Mirchin explains that in many cases in the past, companies had not been held legally responsible for data being exposed from their systems if the data stolen was not sensitive and they had taken reasonable security measures. Generally, a company that has been hacked has a duty to notify their users of the hack (47 states in the United States have data breach notification laws). So far, though, they have not been taken to task for their weak defenses.
However, this is status quo is rapidly changing. Mirchin says that he is seeing a shift among government agencies in how they expect data to be secured. He says that the EU announced a draft proposal in mid December. In sectors like Banking, Energy, Transportation, Health and Digital Infrastructure (Internet exchange points and the domain name system, for example), Mirchin notes that there are starting to be mandatory security standards and data breach reporting.
In the EU, he says, “They are proposing a lower level (the exact requirements for which aren’t clear yet)” for “important digital businesses, like cloud computing services, online marketplaces and search engines.”
In the United States, the Federal Trade Commission has already begun addressing these kinds of cases with their findings against Wyndham Hotels, the owners of chains like Howard Johnson, Ramada, and others. Wyndham was hacked three times over two years, leading to the theft of data from over 500,000 user accounts. The stolen data was later used to run up fraudulent charges topping $10.6 million. In their lawsuit against the company, the FTC claimed that after the initial hack in 2008, the company had failed to fix basic flaws in their security that allowed the hackers to break in and steal more data later, and sued for them to implement more stringent security standards.
On December 9, Wyndham settled in the case with the government agency, and according to the statement to the press, “will establish a comprehensive information security program designed to protect cardholder data – including payment card numbers, names and expiration dates. In addition, the company is required to conduct annual information security audits and maintain safeguards in connections to its franchisees’ servers.”
“This settlement marks the end of a significant case in the FTC’s efforts to protect consumers from the harm caused by unreasonable data security,” said FTC Chairwoman Edith Ramirez in her remarks to the press. “Not only will it provide important protection to consumers, but the court rulings in the case have affirmed the vital role the FTC plays in this important area.”
In a similar story across the pond, British privacy regulators fined Sony £250,000 after the hacking of their PlayStation Network. The Information Commissioner’s Office found them to be in breach of the Data Protection Act for not doing enough to prevent the exposure of users’ personal details including names, birthdays, and credit card information.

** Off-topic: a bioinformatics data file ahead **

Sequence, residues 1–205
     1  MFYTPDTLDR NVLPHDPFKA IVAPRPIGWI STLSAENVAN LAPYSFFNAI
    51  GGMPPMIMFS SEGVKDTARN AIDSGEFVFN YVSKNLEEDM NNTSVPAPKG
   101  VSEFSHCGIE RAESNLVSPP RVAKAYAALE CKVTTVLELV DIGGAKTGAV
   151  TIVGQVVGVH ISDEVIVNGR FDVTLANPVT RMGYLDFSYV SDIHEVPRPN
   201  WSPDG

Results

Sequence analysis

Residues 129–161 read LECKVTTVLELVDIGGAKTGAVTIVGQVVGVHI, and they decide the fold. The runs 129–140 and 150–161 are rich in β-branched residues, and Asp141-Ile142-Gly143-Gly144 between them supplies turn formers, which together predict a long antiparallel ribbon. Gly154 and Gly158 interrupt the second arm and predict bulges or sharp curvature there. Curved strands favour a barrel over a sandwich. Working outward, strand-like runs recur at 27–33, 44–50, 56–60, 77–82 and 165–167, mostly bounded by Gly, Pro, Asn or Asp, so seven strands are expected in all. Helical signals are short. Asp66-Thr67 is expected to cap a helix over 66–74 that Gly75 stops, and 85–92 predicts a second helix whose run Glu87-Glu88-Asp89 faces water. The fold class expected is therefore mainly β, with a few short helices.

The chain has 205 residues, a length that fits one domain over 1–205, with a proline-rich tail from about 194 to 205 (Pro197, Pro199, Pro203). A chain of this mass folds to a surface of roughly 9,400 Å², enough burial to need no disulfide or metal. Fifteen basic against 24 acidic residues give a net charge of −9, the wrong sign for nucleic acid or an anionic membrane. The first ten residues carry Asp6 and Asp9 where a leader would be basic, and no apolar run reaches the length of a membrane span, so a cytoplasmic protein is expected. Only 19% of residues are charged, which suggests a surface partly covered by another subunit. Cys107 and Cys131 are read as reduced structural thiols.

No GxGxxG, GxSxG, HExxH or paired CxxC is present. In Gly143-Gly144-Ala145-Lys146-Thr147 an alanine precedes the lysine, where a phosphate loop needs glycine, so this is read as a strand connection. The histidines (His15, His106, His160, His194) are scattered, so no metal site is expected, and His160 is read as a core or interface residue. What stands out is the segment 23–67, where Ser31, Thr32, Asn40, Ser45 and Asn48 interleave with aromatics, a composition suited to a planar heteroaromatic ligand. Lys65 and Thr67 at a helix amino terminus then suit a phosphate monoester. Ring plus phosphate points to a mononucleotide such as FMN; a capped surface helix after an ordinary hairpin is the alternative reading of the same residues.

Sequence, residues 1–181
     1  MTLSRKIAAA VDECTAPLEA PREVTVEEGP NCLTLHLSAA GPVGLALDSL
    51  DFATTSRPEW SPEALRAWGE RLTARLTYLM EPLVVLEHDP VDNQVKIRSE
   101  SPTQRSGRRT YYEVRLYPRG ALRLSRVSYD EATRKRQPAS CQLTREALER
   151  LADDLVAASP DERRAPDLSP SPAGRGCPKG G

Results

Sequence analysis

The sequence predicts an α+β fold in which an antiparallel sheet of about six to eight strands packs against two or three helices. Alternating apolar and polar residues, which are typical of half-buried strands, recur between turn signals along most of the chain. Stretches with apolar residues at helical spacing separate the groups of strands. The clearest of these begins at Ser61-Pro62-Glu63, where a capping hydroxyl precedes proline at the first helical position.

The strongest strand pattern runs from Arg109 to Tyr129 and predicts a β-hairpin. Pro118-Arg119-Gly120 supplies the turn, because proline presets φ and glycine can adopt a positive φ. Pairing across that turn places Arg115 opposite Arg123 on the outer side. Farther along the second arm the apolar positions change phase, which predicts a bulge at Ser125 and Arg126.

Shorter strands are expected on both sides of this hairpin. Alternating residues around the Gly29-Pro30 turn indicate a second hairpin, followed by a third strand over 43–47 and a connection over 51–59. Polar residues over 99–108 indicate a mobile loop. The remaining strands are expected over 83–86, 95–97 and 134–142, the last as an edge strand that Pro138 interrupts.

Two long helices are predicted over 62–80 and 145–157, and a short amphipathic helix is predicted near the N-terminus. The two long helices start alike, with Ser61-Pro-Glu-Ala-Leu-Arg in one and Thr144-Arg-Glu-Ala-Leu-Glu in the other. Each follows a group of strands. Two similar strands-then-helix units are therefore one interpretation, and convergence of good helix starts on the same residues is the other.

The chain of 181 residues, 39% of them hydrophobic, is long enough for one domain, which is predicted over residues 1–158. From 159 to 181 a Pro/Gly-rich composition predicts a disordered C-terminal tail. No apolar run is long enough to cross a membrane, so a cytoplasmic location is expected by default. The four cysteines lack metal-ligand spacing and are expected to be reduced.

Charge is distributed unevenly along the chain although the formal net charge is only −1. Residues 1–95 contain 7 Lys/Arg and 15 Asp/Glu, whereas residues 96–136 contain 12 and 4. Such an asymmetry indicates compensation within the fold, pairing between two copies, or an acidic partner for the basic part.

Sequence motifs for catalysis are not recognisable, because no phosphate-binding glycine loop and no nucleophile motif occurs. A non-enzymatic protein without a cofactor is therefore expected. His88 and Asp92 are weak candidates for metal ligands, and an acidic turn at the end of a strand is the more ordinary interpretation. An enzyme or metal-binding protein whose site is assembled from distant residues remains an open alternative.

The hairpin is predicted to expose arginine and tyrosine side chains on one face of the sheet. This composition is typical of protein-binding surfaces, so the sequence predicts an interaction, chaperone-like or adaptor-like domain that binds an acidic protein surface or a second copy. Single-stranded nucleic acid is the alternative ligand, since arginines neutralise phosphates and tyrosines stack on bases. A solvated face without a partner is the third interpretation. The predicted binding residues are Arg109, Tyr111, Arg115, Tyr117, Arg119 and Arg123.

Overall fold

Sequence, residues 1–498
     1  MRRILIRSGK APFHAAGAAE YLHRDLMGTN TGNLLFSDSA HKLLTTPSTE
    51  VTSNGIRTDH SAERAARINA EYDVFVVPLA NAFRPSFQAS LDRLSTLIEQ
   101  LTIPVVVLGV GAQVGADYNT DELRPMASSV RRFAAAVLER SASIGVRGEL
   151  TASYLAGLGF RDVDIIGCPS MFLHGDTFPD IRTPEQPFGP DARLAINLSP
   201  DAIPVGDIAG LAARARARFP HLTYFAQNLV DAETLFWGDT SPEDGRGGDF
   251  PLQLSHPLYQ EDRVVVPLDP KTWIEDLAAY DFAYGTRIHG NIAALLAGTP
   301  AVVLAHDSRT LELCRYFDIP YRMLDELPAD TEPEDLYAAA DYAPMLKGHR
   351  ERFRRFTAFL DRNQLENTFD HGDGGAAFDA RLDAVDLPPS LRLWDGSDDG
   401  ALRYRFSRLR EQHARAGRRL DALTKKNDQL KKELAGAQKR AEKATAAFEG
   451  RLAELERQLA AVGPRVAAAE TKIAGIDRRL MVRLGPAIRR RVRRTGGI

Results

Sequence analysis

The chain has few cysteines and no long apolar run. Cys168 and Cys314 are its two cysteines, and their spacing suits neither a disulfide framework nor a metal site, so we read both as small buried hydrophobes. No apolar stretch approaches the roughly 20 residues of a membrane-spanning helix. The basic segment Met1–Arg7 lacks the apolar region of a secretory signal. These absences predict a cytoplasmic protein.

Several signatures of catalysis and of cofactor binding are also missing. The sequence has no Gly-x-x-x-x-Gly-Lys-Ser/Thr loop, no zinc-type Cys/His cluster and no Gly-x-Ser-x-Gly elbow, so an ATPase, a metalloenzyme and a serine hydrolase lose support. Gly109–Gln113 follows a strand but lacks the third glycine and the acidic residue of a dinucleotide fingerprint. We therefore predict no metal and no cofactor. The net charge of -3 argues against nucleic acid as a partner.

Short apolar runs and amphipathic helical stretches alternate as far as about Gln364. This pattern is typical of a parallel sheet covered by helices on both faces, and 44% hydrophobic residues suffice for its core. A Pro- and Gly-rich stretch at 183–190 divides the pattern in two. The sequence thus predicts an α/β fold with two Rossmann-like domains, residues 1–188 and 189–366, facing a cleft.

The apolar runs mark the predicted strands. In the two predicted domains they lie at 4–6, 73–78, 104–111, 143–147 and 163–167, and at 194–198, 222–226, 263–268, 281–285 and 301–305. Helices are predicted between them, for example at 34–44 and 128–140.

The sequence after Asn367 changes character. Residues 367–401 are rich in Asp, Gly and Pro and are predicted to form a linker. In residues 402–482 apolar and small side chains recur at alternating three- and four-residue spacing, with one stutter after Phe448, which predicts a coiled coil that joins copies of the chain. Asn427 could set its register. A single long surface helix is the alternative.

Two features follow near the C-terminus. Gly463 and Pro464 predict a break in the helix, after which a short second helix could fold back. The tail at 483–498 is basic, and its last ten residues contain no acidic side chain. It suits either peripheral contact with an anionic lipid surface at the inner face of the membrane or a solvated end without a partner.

Mirchin says that based on these cases, VTECH could find themselves liable for damages should the parents of the exposed children sue or government agencies in the U.S, Europe, or Asia decide to bring enforcement actions.
How can government play a bigger role in protecting data?
At this point, Mirchin says that there are not hard and fast global regulations when it comes to protecting data, saying that the rapid advances in technology would quickly make any legally recognized standards outdated and irrelevant.
He tells Geektime that the FTC has made a great start by summarizing “Ten Major Lessons” from its more than 50 enforcement actions on privacy and security violations. The focus is on understanding the principals, rather than mandating specific technologies. A major principle is to think about security from the very beginning. “Don’t collect information you don’t need,” says Mirchin. “No one can steal information you don’t have.” If a company thinks about privacy in the beginning, they can avoid a lot of expense and legal headaches down the road.
Mirchin offers four other “commandments,” which include ideas like:
1. Get rid of what you don’t need
2. Protect the information you keep.
3. Train your staff.
4. Create a plan to respond to security incidents.
The FTC issued a staff report in January titled “internet of things: Privacy & Security in a Connected World” where they began to outline how they intend to use existing legislation and principles and apply them to this new technology. While this is a good start, the agency has a lot of grey areas to work through as their approach in this field continues to evolve.
How would data protection regulations apply to startups?